“Is this a bad time to call?” Mobile phones, migrants (mis-)communication of climate information in Kenya
NEW! Click here to download the full presentation from Wed. 5 April, 2017 – American Association of Geographers (AAG), Boston, MA
Huge thanks to all who joined me and my fellow panelists (Peter Dannenberg; Sheila Huggins Rao; Dorothea Kleine) at the American Association for Geographers (AAG) meeting in Boston, MA. Feedback, questions and comments continue to be welcome. Please keep in touch!
Abstract: . Ethnographic fieldwork conducted with farmer groups in contrasting high and low market-access sites over the period 2012-2016 explores how household members shared (or withheld) information about climate and agricultural performance using phones or physical visits.
Phone calls were the dominant medium for information sharing, which for agricultural issues prioritised discussion of crop problems, dry spells, lack of inputs, and extreme weather events. Mobile money transfers were the most common response to reported problems with many migrants concerned and frustrated by the poor agricultural performance in the rural areas. Reliance on mobile communication and a decreasing frequency of migrants’ physical involvement in the rural home leads to migrants’ perceptions that climate-related changes are extreme and potentially costly.
Narratives of climate change and its impacts in rural Kenya must therefore be interpreted with care, since many are embedded in household narratives constituted to maintain the economic and emotional involvement of migrants in their rural homes.
Much of the literature on a “cellphone revolution” in Africa frames the technology as the driver of change, for such things as financial inclusion for the poor, better agricultural or climate information to farmers, the power for social movements to hold governments accountable. In this brown bag talk I am interested in exploring how cellphones are part of a broader set of social changes – responding to and helping to shape those changes – but not necessarily driving them.
Click here to download the slides (“This cellphone is my lifeline”: How to (mis)understand youth, migration, and agrarian change in Kenya).
This talk draws on ongoing research as well as material previously published and presented, e.g.:
Mohamed was in Kenya from Feb.-May 2014 to study how youth in central Kenya perceive and engage with agriculture. He was particularly interested in those who are approaching (or returning to) agriculture as an entrepreneurial opportunity. Mohammed worked in conjunction with FarmShop (www.farmshop.co.ke), a Kenyan NGO.
The present study examines rural youth perceptions of farming and their decision of whether or not to work as a farmer by paying special attention to personal career aspirations, social (peer and parental) influences, and structural (land, finance, market, and agricultural education) constraints as the “push” and “pull” forces of farming. Interviews were conducted with 59 youth in six villages of Kiambu County, Kenya. Findings revealed that non-agricultural career aspirations, such as engineering and teaching, may create the desire to migrate away from farming. While many youth held negative perceptions of farming, which were reinforced through peer and parental influence, a sub-set of youth expressed a passion for farming and considered farming an attractive career path. However, the existence of structural barriers and the difficulties in overcoming them, especially access to land, limited their participation in farming.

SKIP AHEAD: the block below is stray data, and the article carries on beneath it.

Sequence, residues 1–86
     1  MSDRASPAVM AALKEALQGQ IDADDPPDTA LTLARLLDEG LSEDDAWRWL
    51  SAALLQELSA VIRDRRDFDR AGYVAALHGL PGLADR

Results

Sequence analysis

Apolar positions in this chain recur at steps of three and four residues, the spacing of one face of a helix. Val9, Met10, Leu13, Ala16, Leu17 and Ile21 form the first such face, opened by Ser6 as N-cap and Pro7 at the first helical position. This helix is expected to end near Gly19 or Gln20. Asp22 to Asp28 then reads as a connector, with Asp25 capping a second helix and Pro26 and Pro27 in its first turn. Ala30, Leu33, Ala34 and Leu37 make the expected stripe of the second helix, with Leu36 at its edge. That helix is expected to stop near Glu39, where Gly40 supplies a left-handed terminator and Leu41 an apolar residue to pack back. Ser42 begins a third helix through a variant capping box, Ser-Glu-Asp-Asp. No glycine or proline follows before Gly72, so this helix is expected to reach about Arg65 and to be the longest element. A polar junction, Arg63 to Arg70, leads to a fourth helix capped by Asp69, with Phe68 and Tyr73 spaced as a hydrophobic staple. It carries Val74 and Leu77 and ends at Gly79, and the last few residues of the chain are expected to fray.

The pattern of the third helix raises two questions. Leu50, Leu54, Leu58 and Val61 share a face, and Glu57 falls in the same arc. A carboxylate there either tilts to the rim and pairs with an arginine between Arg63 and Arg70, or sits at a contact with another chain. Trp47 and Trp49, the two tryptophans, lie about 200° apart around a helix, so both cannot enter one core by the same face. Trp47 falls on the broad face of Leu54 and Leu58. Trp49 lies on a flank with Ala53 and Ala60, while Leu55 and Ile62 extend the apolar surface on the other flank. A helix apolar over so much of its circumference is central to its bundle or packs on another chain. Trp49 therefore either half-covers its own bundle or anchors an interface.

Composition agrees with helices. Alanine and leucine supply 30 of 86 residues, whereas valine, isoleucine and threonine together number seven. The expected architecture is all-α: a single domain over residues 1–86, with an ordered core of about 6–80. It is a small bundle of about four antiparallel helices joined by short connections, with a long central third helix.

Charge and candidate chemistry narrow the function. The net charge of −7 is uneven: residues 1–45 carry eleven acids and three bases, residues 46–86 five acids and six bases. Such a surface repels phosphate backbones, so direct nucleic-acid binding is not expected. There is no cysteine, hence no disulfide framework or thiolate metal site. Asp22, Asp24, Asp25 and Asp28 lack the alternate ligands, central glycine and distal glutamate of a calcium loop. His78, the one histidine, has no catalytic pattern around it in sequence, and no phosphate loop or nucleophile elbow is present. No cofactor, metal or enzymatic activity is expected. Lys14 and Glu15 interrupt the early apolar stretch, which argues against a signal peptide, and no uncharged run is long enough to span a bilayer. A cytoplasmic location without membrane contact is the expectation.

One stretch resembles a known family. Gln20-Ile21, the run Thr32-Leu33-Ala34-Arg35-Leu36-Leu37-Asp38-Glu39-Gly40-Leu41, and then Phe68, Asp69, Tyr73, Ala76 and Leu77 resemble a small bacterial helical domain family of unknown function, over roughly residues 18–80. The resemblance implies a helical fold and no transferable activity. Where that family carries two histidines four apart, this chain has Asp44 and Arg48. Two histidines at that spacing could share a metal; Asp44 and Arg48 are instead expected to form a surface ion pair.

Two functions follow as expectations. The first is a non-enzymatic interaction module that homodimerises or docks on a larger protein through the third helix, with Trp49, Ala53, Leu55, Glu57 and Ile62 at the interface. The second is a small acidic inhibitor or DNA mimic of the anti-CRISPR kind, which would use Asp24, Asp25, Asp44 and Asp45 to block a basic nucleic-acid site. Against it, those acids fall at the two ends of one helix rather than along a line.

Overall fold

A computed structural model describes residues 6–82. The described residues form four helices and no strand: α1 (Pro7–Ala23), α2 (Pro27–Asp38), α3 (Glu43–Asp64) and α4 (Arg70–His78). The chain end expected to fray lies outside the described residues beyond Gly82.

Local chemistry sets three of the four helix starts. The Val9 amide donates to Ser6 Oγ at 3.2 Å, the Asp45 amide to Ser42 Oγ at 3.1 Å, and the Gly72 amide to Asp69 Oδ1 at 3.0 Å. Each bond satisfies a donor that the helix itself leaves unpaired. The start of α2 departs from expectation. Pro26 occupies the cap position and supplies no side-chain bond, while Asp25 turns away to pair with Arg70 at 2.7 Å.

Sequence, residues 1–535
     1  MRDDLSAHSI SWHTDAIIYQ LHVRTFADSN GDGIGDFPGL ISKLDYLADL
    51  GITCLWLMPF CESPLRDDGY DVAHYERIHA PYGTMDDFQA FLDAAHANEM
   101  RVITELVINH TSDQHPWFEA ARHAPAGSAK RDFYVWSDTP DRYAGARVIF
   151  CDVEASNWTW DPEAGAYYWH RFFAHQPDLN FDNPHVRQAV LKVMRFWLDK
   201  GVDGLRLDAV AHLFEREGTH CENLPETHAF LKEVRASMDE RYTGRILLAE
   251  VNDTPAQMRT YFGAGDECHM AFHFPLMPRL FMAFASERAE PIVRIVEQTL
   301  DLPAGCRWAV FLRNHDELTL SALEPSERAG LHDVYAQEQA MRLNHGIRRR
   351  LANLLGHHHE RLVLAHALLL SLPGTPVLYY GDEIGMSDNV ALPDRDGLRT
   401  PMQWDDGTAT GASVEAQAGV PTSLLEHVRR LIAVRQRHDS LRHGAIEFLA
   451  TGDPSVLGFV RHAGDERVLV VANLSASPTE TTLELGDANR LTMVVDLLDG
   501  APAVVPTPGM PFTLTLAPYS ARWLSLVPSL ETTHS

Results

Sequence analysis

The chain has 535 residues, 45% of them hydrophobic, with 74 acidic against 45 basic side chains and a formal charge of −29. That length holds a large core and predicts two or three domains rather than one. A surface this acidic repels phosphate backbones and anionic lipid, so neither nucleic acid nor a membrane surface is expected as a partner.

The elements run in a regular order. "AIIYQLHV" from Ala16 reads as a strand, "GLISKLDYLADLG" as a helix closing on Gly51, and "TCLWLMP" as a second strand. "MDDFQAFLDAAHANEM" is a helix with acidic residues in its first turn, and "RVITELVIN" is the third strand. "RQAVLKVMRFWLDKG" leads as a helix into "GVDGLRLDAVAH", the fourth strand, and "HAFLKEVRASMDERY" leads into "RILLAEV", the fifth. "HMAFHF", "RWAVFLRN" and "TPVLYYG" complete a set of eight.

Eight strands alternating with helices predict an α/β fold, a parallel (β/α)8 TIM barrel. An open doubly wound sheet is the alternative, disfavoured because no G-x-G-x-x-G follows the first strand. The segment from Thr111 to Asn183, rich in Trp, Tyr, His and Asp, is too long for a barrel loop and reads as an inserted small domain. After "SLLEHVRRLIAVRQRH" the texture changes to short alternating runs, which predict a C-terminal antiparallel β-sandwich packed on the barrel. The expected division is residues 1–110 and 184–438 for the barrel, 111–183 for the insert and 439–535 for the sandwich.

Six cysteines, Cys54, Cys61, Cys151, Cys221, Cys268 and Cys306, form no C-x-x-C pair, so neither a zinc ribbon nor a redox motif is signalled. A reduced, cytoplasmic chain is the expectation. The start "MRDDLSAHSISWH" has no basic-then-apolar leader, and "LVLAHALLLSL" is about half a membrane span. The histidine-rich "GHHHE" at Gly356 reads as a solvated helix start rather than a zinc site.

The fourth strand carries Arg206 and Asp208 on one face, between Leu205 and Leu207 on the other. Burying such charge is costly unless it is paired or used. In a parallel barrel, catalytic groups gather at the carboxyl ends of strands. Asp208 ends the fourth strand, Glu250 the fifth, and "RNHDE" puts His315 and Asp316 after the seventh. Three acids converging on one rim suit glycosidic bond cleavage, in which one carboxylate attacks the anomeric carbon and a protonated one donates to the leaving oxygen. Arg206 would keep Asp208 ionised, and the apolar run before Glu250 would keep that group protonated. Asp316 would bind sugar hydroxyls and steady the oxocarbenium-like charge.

The first colloquium of the Laboratory for the Interdisciplinary Study of Food (LISF) was held on 4 April 2014 (full programme here). Local activists and researchers presented cutting edge work (in English and French) on:
Global and local food issues
How make universities’ food systems more just
Land grabbing and food security in Africa
Book launch of “Globalization and Food Sovereignty”
Huge thanks to all who joined me and my fellow panelists (Lincoln Addison; Regina Hansda; Kuntala Lahiri-Dutt; Chris Huggins) at the American Association for Geographers (AAG) meeting in Tampa, Florida. Feedback, questions and comments continue to be welcome. Please keep in touch!
Abstract: Western Kenya has been a labour-exporting region for over a century, with many households opting to “straddle” both rural and urban contexts by deploying multilocational livelihoods that have reproduced themselves over generations. Ethnographic and historical investigations show that while this densely settled landscape (with the highest population densities in Kenya) was self-sufficient in food production up until the 1940s, for the last 70 years households and communities have relied heavily on off-farm income and reciprocity to maintain food security, thereby staving off major food crises despite environmental and socio-economic pressures. Indeed, contrary to the dominant, capitalist models of rural-urban migration and agrarian change, these household coping strategies have actually supported a continued growth in the rural population even while agricultural output has remained stagnant and land per capita dwindled. This paper draws on thirteen years of interviews and survey data from several western Kenyan communities to interrogate the role of new technologies (especially cellphones) in accelerating the ways in which migrants are (re )enrolled in rural struggles for land, labour, and food security. Multilocational livelihood strategies are significantly reshaping gender relations and household decision-making but appear to dilute and spread the scarce resources of all but the most advantaged households.